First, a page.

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Inside Frequency Control

The Low Power OCXO Revolution

Posted by Rob Rutkowski on Oct 4, 2016 7:30:00 AM


"You say you want a revolution
Well, you know
We all want to change the world"

-The Beatles

Ok, maybe The Beatles weren't singing about a Low Power OCXO Revolution, but trust me, there's indeed a revolution happening right now in the ocsillator Industry... 

High Demand for Low Power

With the growing need for oscillators to have good stability and low power requirements, several companies in the RF industry are looking towards newer technologies to fill this void. Luckily, these newer technologies are beginning to appear throughout the tech market.

These new technologies we're talking about are “Low Power Oven Controlled Frequency Oscillators.”

What a mouthful that is…

How about we just refer to them as "LP OCXOs"?  Much better!

Let's dive deeper into why LP OCXOs are growing in demand within the Oscillator and RF world. We'll also discuss the top LP OCXOs in the tech market as well as why an LP OCXO may work perfect in your applications.

Let's start by comparing OCXOs with Temperature Controlled Frequency Oscillators (TCXOs) and LP OCXOs. 


Differences between TCXOs, OCXOs, and LP OCXOs

TCXOs are commonly used for reference and local oscillator needs in low power situations. Unfortunately, they tend to only have moderate temperature stability, OK short term stability, and decent phase noise. OCXOs offer great improvement in these areas but it comes at a cost. That cost is power. While TCXOs have a current draw of around 2 – 20 mA, an OCXO normally pulls 150 – 300 mA with a startup or “warming” current of 200 – 600 mA.  The majority of that power is consumed by the OCXO's oven (learn more about the anatomy of OCXOs here).

The future is here in the form of Low Power OCXOs. These units try to harness the best of both worlds. They have nearly as good stability and phase noise performance as TCXOs and at a fraction of the power “cost” of OCXOs.


Best Uses for Low Power OCXOs

LP OCXOs can be used in a wide variety of applications. Some great examples include use in:

  • Mobile test equipment devices
  • Medical equipment including MRI devices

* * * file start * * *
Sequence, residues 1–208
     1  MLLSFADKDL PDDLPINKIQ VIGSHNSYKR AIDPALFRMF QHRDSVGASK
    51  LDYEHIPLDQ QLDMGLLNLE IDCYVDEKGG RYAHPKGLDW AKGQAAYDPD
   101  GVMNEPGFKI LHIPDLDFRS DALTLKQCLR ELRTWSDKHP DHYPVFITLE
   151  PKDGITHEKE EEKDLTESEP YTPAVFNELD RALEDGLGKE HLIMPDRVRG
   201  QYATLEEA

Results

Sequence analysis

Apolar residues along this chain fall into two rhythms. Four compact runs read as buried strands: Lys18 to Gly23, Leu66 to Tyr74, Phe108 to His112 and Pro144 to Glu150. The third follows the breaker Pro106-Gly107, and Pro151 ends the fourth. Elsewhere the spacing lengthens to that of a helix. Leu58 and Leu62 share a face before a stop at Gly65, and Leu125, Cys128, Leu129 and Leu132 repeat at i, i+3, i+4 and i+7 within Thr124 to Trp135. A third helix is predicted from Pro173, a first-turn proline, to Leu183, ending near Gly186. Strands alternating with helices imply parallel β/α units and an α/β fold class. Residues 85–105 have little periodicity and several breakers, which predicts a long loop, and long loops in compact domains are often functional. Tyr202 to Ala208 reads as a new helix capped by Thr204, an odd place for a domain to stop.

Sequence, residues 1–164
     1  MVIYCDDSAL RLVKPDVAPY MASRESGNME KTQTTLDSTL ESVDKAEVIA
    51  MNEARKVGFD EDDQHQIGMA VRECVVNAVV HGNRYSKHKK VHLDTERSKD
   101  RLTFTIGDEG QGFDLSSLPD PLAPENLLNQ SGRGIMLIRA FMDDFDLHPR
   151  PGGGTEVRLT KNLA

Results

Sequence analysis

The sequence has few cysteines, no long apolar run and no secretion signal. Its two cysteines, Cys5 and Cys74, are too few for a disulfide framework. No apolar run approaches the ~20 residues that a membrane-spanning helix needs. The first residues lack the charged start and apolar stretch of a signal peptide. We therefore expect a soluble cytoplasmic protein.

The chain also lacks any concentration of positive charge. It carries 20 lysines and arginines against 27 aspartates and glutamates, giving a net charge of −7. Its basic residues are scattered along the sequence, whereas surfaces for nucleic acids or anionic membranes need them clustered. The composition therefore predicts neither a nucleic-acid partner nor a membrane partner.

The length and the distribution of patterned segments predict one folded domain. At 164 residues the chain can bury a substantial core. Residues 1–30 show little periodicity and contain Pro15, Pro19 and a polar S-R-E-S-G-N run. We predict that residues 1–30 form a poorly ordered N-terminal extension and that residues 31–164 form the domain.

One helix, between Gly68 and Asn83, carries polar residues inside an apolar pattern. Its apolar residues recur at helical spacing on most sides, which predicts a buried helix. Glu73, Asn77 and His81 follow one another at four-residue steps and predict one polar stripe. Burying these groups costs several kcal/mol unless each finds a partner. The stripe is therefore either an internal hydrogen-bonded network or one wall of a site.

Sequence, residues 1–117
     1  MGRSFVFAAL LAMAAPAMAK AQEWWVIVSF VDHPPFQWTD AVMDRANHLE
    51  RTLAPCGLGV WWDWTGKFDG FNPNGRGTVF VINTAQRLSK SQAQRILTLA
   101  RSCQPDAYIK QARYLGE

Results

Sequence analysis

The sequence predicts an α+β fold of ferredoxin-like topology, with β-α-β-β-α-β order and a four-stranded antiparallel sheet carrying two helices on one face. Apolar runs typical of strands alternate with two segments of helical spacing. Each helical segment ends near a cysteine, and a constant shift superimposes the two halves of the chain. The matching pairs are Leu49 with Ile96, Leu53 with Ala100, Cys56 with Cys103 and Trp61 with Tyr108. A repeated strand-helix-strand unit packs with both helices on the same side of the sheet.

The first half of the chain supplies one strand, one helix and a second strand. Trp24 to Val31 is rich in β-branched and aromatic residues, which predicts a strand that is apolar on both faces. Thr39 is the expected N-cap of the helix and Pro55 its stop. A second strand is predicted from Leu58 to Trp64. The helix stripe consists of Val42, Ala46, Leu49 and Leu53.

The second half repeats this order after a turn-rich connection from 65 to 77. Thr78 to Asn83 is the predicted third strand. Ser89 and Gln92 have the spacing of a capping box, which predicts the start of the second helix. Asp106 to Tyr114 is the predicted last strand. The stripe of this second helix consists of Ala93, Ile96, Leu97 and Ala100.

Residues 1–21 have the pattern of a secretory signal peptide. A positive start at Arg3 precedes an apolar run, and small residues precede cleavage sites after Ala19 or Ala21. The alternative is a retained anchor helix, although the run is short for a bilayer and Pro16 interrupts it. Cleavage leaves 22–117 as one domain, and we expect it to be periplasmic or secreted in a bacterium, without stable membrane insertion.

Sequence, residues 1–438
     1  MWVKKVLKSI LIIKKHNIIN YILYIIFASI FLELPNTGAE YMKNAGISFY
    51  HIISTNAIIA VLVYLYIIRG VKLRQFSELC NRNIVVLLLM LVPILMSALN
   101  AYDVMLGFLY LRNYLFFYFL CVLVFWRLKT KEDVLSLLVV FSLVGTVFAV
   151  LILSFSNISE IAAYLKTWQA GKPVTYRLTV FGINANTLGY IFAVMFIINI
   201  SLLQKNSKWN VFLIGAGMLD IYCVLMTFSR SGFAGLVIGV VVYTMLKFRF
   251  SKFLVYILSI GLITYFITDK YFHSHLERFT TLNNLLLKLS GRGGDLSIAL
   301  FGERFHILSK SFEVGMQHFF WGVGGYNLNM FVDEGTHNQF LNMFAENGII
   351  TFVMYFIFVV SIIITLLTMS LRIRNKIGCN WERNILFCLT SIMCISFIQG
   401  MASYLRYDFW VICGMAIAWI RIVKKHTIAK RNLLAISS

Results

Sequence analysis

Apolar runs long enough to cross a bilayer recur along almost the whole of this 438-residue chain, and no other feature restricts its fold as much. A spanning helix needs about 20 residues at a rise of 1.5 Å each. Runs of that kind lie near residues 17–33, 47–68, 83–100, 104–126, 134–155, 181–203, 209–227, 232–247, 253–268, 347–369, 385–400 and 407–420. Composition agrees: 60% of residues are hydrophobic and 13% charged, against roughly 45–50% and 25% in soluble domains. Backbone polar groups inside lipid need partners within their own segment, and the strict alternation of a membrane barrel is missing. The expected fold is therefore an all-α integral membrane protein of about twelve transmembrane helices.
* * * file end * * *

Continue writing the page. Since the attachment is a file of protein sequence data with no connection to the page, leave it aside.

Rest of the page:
• Military drones and Unmanned Aerial Vehicles (UAVs)
  • Various transmitters and receivers
  • Other Military Devices
  • Synthesizers
  • System Clocks
  • Phase Lock Loops


Where to find the best LP OCXOs for your application needs

The data below shows oscillators being produced by several manufacturers and how they compare according to their data sheet specifications.

Phase NoisePhase noise performance is a big factor in many RF designs. Noise is the bane of most applications. All of the units looked at have similar performance with Bliley’s LP-N having a slight edge at a few offsets.

Temperature Stability. Over a wide range of temperatures, Magic Xtal’s MXO37/8 and MXO37/8P, are by far superior. They have been in the low power game the longest but the other manufacturers are starting to catch up. At narrower temp ranges the others may be just about as good.

Allan Deviation. If short term stability is a needed factor in your design, then Bliley’s LP-N is the top choice. Their unit specs at 8E-12 while all of the others spec at 20E-12.

Acceleration Sensitivity. If your design is going to be used in a fairly static situation, then this isn’t much of a worry. However, if vibration may be an issue, the Magic Xtal and Bliley oscillators are less sensitive and should give better performance. Bliley is also supposed to have a low power, G-compensated unit in the works.

Power Consumption. Here’s the whole point of this type of oscillator. How much power is this performance going to cost? At a steady state power drain of 135 mW, Bliley’s LP-N has a bit of a lead here. The spec that truly stands out is the startup power. The LP-N only pulls 200 mW, less than 1/3 of the nearest competitor. If you’re concerned with battery life, especially in power cycling conditions, that’s fantastic.


The Final Results

So there you have it; a summay of the main Low Power OCXOs on the market. Which will work best for you will depend on what the critical needs of your design are. For a tight temperature stability, Magic Xtal is the winner. For low power consumption, particularly at startup, Bliley has it.

Here's a chart that may help you further visualize the comparisons between the LP OCXOs:



See the Full Specifications of the LP-N Low Power Oscillator by downloading the datasheet.

low power oven controlled crystal oscillator OCXO

Topics: engineering, crystal oscillators, general, Integrated RF